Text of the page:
School pupils mean business at regional enterprise conference
- Credit: Matthew Power
Pupils from up to 16 schools from across the region, including Saffron Walden County High and the Friends’ School, met award-winning business gurus this week to discover how to turn a great idea into a multi-million pound business.
More than 200 delegates aged 15-18 from schools in Cambridgeshire, Norfolk, Suffolk, Essex and Northamptonshire reviewed business plans to select the most promising and devised a strategy to grow the company, pitching their ideas to a panel of business judges.
The annual event is organised by The Perse School for schools across the region to learn about the possibilities of a career in business and what it takes to be a successful entrepreneur.
Head of The Perse School, Ed Elliott, explained the aim of the event: “Striking out as an entrepreneur is not always top of mind for young people considering the merits of different professions. Yet it can be a great choice that provides personal satisfaction as well as an opportunity to create a responsible business that brings benefits to society.
“I’m delighted that so many respected business leaders have supported the event and helped us provide this opportunity for pupils from a wide range of schools to work and learn together.”
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The experts who shared their insights into business success included Michael Bennett, founder of retail brand Oasis, Julie Deane, founder of The Cambridge Satchel Company, and Ben Gamble part of a team who aim to build the world’s first augmented reality platform.
Setting out what students can learn from entrepreneurs, Mr Bennett said: “This is still a land of great opportunity but in order to succeed you need to be on top of your game whichever path of endeavour you choose. Learning from the experience of others, including discovering what makes the business world tick, can help young people leaving the structured environment of education cope with the new responsibility of creating their own discipline and structure, whether in business or the professions.”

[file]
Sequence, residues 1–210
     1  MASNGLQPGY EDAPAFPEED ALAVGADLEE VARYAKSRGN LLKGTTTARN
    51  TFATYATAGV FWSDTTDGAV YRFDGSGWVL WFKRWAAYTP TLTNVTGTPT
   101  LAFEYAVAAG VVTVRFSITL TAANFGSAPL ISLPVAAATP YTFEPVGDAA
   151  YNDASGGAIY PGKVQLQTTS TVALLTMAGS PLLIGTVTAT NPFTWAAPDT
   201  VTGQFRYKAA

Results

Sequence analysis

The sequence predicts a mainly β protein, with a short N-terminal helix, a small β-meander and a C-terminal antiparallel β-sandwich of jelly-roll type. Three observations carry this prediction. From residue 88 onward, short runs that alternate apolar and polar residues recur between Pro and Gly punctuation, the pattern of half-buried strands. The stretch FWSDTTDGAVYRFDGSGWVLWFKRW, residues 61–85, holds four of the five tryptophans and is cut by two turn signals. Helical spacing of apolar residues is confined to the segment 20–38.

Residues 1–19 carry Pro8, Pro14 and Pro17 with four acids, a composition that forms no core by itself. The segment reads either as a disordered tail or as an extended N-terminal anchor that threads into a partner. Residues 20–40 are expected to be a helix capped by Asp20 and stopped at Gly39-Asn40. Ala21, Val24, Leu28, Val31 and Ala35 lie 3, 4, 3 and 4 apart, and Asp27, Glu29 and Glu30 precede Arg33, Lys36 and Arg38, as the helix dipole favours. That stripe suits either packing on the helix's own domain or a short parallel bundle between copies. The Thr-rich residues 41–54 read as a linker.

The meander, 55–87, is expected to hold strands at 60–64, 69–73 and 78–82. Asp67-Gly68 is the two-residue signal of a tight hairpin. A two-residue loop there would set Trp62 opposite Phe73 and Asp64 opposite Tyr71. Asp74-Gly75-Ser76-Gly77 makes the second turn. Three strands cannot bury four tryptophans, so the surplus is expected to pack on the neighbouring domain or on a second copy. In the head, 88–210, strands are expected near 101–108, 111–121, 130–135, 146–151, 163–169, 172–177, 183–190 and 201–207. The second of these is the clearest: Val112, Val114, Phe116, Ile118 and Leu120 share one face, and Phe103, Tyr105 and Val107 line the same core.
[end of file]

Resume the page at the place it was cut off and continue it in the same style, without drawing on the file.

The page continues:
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Advocating the benefits of entrepreneurship, Ms Deane said: “Running a business gives you the opportunity to create something - to work in a different way and to give your dreams a chance of becoming reality.
“It’s a challenge, seeing how good you can be, if your idea is good enough. It’s hard work and takes a lot of nerve but if you’re the right kind of person it can be the only way to go.”
Students pitched their ideas to a panel of business judges including Glenn Collinson, co-founder of CSR; Ramon Borrell, R&D director of Xaar; Sarah Evans, chair of Ipswich Building Society; and Richard Mason, CEO of the Cambridge-based biotech company XO1 Ltd.
Mr Collinson said: “Now in its ninth year, the Perse Enterprise Conference has once again succeeded brilliantly and has provided, this year, a platform for over 200 budding entrepreneurs from schools across the region to develop their skills in their journey to become the business leaders of the future.”
The schools involved were The Perse School, Netherhall, The Leys, Parkside Federation, Thetford Grammar School, Long Road Sixth Form College, The Friends’ School, Bancrofts, Saffron Walden County High, Uppingham, Prince William School Oundle, Longsands Academy, Oakham School, King’s School Peterborough, New Hall School and Sawston Village College.